Published on November 12th, 2017 | by Suraj Choudhari0
Will Australia gamble with Glenn Maxwell?🕓 Reading time: 4 minutes
An Ashes spot is no less than gold for any cricketer; be it England or Australia. With just a couple of weeks to go for the oldest Test rivalry, the race of making it to the 16-man squad is only getting tougher in Australia. Although most of the places in the squad are pretty much predictable, but there are few loopholes that need to be addressed. Saying that Australia have a dominant pace attack would be an understatement, but their middle-order is yet to settle, especially No.6 and 7. These are easily the most debated positions and has been making rounds in the fraternity for a while now.
There are many contenders for the No.6 spot, but the question is – Will Australia gamble with Glenn Maxwell for the said position. The explosive all-rounder marked his Test return with an emphatic ton against India in Ranchi, but a string of low scores in the next few games have certainly sabotaged his chances of retaining a spot in the Test line-up. He got good starts in Bangladesh but failed to convert, which is criminal at this level. Maxwell garnered 277 runs in eight innings at 37 since his Test comeback, but the national selectors made it quite clear that the No.6 position was there for the taking for anyone.
Maxwell played all the matches in the sub-continent and did reasonably well, in fact, he has been the fourth highest run-scorer for his side since his return. Although Australia haven’t enjoyed a great run there, but there are few positives to take.
Australia’s leading run-scorers since Maxwell’s Test return
Maxwell remained unbeaten on 25 off 17 in what happens to be his latest Test appearance against Bangladesh in September. He definitely showed good signs and was quoted in a report from cricket.com.au saying, “I’m not talking about the word ‘X-factor’ again. I feel like I’m starting ahead of the pack because I played the last Test and I think I was undefeated. Even if it was in a different country, I feel like I batted quite well and I showed some really good signs.”
“I think (selectors) made it pretty clear that they wanted the top six batter in the country and I want to put my hand up and be one of them. I have the ability to score quickly at stages but I think the way I’ve been playing recently, I’ve been more concentrating on just playing good cricket shots and making sure that I’m there for a longer period of time. Hopefully, that holds me in good stead,” Maxwell added.
Australia will indeed have a clearer picture by the end of third round of the ongoing Sheffield Shield and hopefully name their squad by the end of it. Maxwell has pressed his case for the Ashes berth in the middle-order with two back-to-back fifties for Victoria against South Australia. He is a game changer and well capable of turning the game on its head with his barrage of unorthodox yet innovative strokes, which are impossible for mere mortals to think of. With the series being played at home, Maxwell could turn out to be a fruitful investment.
Maxwell may not have some impressive numbers to back his selection, but there have been instances when a player is trusted on the basis of his potential and not the form and perception. He can be the X-factor and his selection would be worth a gamble. He did not have a great run in the ODI series against India, where Yuzvendra Chahal made him his bunny. But Test cricket at home is a different ball game altogether and Maxwell is yet to play a Test at home. Conditions in Australia should suit his style of play and provided that he will be batting at six, should just give him the liberty to go all guns blazing.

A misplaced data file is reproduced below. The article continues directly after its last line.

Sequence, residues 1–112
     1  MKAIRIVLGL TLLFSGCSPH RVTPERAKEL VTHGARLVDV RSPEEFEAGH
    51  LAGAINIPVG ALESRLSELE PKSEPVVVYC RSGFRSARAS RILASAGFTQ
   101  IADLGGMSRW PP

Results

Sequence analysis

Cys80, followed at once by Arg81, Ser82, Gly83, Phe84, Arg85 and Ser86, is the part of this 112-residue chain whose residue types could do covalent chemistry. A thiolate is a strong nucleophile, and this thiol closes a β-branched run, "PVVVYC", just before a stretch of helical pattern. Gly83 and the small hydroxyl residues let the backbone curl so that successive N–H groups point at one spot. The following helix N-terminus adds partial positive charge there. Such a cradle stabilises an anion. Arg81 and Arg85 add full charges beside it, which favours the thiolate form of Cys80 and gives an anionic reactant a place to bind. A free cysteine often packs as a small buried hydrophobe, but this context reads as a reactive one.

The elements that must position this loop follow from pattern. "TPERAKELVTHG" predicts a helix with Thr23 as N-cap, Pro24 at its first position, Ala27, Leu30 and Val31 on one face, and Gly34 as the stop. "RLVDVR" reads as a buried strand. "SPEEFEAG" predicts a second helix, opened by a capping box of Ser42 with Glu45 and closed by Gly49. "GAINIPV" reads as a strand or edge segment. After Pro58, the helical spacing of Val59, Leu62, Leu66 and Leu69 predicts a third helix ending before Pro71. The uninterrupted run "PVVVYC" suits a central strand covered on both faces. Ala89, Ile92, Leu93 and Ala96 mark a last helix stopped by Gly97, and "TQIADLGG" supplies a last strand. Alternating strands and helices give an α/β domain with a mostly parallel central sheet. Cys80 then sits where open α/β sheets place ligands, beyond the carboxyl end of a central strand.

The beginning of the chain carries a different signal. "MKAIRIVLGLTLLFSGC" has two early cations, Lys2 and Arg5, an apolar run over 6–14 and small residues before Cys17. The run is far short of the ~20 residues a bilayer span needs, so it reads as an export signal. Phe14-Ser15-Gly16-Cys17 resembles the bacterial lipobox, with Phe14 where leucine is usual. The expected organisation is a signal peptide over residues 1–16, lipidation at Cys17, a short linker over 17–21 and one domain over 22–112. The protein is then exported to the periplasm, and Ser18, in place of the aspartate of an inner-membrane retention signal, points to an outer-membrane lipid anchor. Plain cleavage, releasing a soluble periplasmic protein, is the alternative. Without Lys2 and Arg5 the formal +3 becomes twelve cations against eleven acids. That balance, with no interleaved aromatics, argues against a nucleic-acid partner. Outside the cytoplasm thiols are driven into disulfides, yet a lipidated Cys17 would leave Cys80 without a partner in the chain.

In the Sheffield Shield so far, Maxwell has scored 151 runs at 37.75, including two fifties. He would have surely found himself over a cushion had he converted any one of those or both fifties into a century. Talking about his red ball prowess, then one shouldn’t forget that Maxwell has an impressive First-Class record. In 53 games till date, Maxwell averages 39.28, which cannot be ignored. Also, Maxwell can bowl few handy overs and further provide rest to the frontline bowlers, which is also the primary job of a No.6 in the Test line-up. His presence will add an attacking option to the batting and Australia will unquestionably have some diversity.
Australian Test cricketer and Victorian skipper Peter Handscomb spoke highly about Maxwell’s performance and was quoted by smh.com.au saying, “He is looking good, he is looking really good. He is balanced and he is sticking to his game plan and that is really good, he is working hard and wants that spot and I see no reason why he can’t but he has to keep making runs. He has done a good job, but he needs to make runs next week.”
In shorter formats, bowling to a storming Maxwell is a bowler’s nightmare. He comes with a status and mind-boggling strokes and if given a log run, he can replicate the same magic in whites as well. David Warner, Virender Sehwag are classic examples of explosive batsmen converting into a solid Test cricketer. Maxwell’s potential is unbounded and his belligerent methodology can prove deadly in the Ashes. As of now, one thing is evident, if Maxwell is eyeing an Ashes spot, he needs a big score under his belt in the third round of Sheffield Shield against Tasmania.